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Focus on... Fisheries in Africa

Fish are an important source of both nutrition and employment in Africa, but fisheries and fishing communities are often overlooked in development planning. Seldom noticed by outsiders and frequently not addressed by policymakers, the livelihoods of fishing communities continue to be dangerous, unhealthy and economically precarious. And yet fish are the most important source of animal protein in Africa, although perhaps not for much longer. Fish catches are in freefall decline and the sometimes desperate but often cynical attempts (by artisanal and industrial fishers respectively) to meet rising demand are driving down fish stocks to precarious levels.

If fisheries in Africa are to remain viable several issues must be addressed. This edition of New Agriculturist focuses on the management and governance changes necessary to better manage fisheries, on the development of aquaculture as an alternative source of fish, the need to develop processing to cut wastage, and on improved marketing. We also report the tragic link between fishing communities and HIV/AIDS, and the implications of climate change which further threatens the sustainability of fisheries.

Crisis, what crisis?

Crisis, what crisis?

Fish are an important source of both nutrition and employment in Africa, but fisheries and fishing communities are often overlooked in development planning. Seldom noticed by outsiders and frequently not addressed by policymakers, the livelihoods of fishing communities continue to be dangerous, unhealthy and economically precarious.

Date published: November 2005

Fisheries management - a new approach needed

Fisheries management - a new approach needed

The decline in Africa's fisheries can only be stopped and reversed through much improved management of this vital resource. Decentralised local management must be informed by scientific research and regulated through by-laws that allow for participatory management involving local communities.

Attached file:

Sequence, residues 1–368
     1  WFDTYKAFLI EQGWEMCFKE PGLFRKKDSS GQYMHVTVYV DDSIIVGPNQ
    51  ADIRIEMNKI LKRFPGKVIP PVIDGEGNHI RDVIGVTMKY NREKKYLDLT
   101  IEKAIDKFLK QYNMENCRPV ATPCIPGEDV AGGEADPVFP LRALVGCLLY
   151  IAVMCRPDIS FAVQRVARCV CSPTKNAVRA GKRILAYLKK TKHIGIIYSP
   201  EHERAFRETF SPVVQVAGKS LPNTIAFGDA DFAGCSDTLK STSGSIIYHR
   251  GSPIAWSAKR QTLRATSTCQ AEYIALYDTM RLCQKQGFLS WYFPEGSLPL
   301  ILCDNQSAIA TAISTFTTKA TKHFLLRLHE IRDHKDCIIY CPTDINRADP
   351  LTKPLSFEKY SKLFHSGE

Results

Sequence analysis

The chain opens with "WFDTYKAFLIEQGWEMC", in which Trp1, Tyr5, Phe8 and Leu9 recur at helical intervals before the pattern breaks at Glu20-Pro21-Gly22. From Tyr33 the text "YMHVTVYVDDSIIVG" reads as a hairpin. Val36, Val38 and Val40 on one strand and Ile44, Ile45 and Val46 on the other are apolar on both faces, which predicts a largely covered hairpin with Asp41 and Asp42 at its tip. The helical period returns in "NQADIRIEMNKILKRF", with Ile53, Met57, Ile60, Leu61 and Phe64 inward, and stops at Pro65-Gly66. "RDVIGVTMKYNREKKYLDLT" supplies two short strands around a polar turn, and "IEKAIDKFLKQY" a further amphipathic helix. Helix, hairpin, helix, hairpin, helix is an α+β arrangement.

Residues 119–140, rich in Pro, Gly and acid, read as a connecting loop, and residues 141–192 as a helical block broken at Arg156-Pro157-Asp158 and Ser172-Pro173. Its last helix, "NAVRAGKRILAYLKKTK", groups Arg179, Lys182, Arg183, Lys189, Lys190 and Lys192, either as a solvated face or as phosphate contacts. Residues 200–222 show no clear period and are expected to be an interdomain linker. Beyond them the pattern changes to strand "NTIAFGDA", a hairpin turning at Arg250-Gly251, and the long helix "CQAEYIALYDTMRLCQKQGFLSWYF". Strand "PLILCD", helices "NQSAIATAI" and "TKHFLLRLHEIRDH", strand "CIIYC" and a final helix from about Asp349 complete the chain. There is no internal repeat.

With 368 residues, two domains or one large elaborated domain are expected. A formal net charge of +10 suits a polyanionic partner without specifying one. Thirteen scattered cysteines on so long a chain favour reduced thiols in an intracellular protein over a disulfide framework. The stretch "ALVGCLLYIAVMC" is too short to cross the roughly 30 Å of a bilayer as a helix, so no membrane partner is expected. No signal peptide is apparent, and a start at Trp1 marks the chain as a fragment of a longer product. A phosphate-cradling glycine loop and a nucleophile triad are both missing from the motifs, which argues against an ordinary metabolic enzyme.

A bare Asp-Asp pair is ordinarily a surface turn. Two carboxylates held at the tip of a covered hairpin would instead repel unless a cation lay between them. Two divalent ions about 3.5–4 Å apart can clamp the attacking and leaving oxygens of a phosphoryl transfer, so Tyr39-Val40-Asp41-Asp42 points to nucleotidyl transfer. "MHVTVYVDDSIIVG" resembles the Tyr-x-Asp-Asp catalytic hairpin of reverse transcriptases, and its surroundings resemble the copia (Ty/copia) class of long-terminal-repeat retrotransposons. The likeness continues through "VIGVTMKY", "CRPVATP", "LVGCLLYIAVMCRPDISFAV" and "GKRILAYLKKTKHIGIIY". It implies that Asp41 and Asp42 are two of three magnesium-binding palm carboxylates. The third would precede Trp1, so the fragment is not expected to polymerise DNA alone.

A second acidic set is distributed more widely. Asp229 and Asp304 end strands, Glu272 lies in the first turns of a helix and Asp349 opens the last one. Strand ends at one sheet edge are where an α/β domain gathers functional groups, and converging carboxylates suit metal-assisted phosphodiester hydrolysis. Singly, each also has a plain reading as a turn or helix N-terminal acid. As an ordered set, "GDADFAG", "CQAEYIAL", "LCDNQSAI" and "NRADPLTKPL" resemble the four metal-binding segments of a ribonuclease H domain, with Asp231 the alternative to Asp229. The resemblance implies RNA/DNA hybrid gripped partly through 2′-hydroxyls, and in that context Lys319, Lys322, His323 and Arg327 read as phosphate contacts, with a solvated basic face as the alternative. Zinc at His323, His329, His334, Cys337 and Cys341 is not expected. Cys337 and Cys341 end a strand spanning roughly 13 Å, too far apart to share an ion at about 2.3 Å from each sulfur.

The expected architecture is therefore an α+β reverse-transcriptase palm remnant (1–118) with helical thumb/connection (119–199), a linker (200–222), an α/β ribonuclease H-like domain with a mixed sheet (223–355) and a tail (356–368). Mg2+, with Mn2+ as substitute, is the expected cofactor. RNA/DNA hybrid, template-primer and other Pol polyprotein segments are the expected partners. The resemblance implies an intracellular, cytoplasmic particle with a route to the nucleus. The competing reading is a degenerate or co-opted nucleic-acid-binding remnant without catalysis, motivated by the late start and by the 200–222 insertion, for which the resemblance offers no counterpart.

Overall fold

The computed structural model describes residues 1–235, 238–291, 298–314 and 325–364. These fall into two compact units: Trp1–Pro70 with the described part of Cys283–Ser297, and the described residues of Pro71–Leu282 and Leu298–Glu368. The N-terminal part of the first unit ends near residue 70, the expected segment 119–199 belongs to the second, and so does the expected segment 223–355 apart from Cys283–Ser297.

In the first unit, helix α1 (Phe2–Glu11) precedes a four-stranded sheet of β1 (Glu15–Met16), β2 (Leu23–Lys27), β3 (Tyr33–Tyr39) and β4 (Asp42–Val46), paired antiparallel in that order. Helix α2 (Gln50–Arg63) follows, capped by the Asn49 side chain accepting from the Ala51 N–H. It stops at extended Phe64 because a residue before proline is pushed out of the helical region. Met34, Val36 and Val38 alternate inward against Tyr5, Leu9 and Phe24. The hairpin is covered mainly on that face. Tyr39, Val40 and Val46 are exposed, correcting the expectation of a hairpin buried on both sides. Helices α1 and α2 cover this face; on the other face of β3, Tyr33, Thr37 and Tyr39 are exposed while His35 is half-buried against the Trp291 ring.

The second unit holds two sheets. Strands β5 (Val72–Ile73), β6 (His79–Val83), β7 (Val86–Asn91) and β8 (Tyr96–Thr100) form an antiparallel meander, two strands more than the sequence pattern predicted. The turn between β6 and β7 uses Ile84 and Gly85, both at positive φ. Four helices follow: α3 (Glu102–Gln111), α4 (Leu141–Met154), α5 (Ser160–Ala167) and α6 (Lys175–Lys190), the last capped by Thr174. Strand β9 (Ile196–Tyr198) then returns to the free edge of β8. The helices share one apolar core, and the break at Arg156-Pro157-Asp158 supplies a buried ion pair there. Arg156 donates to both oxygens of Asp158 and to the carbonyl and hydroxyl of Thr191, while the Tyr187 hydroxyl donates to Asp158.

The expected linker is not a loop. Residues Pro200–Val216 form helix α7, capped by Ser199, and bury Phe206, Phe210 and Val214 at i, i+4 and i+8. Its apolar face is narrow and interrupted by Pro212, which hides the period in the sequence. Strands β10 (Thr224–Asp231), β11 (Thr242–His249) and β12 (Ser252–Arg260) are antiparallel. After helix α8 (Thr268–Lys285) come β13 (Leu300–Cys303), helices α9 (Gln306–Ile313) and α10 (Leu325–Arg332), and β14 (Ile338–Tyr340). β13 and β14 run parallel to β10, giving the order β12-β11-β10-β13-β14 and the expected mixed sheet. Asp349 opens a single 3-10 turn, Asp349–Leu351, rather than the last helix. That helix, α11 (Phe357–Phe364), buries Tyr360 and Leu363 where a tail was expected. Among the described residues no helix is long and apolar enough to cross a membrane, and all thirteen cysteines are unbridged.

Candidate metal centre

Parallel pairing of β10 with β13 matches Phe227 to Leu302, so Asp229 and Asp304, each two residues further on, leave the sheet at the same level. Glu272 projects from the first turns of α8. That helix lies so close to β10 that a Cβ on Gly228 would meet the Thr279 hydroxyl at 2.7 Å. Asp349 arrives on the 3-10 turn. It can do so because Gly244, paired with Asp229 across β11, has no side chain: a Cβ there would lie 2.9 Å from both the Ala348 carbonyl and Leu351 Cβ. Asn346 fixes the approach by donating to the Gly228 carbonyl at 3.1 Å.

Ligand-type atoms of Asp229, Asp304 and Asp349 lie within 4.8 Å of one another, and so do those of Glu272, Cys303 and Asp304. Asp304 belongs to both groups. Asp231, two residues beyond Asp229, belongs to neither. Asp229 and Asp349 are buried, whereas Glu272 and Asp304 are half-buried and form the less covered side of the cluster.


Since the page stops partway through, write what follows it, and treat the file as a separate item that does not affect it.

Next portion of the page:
Date published: November 2005

Fish farming in Africa: dead or alive?

Fish farming in Africa: dead or alive?

Aquaculture is considered by many to be the only significant way to meet the future nutritional needs of Africans, but scientists say industry expansion must be done carefully, addressing environmental issues and past reasons for failure.

Date published: November 2005

Like fish out of water: the impact of climate change on fisheries

Like fish out of water: the impact of climate change on fisheries

Scientists have discovered that rising temperatures in recent years have affected the vital mixing of Lake Tanganyika's nutrients, and believe this is causing its fish population to decline. Large freshwater fisheries are unlikely to be the only fisheries system that will be at risk from global warming and the potential impacts need to be taken account by policymakers and included in national action plans.

Date published: November 2005

Cutting waste by managing money

Cutting waste by managing money

Almost one-third of fish caught by Africa's artisanal fisherfolk is lost due to spoilage and pest attack. With many fisheries fished at their maximum productivity or beyond, and catches declining in marine and inland waters, such post-harvest wastage must be addressed as a high priority.

Date published: November 2005

Fish, lovely fish...who will buy?

Fish, lovely fish...who will buy?

Africa's fisheries may be in crisis, but they also face a future of great opportunities. But to meet demand from domestic markets or exports, there has to be a change from the hand-to-mouth approaches of the subsistence production and opportunistic sale practices of the past.

Date published: November 2005

Wasting away: tackling HIV/AIDS in fishing communities

Wasting away: tackling HIV/AIDS in fishing communities

In Africa, fishermen are among the most 'at risk' mobile occupational groups, with a higher level of HIV rates recorded than for truck drivers and miners. However, the vulnerability of fishing communities to HIV/AIDS has been widely overlooked in national and international fisheries policies, and in health guidelines.

Date published: November 2005

New opportunities? Aquaculture for developing urban markets

New opportunities? Aquaculture for developing urban markets

In urban and peri-urban centres in Africa, there is evidence of emerging aquaculture activity using a variety of systems and environments which have the potential to serve expanding markets.

Date published: November 2005

 

 

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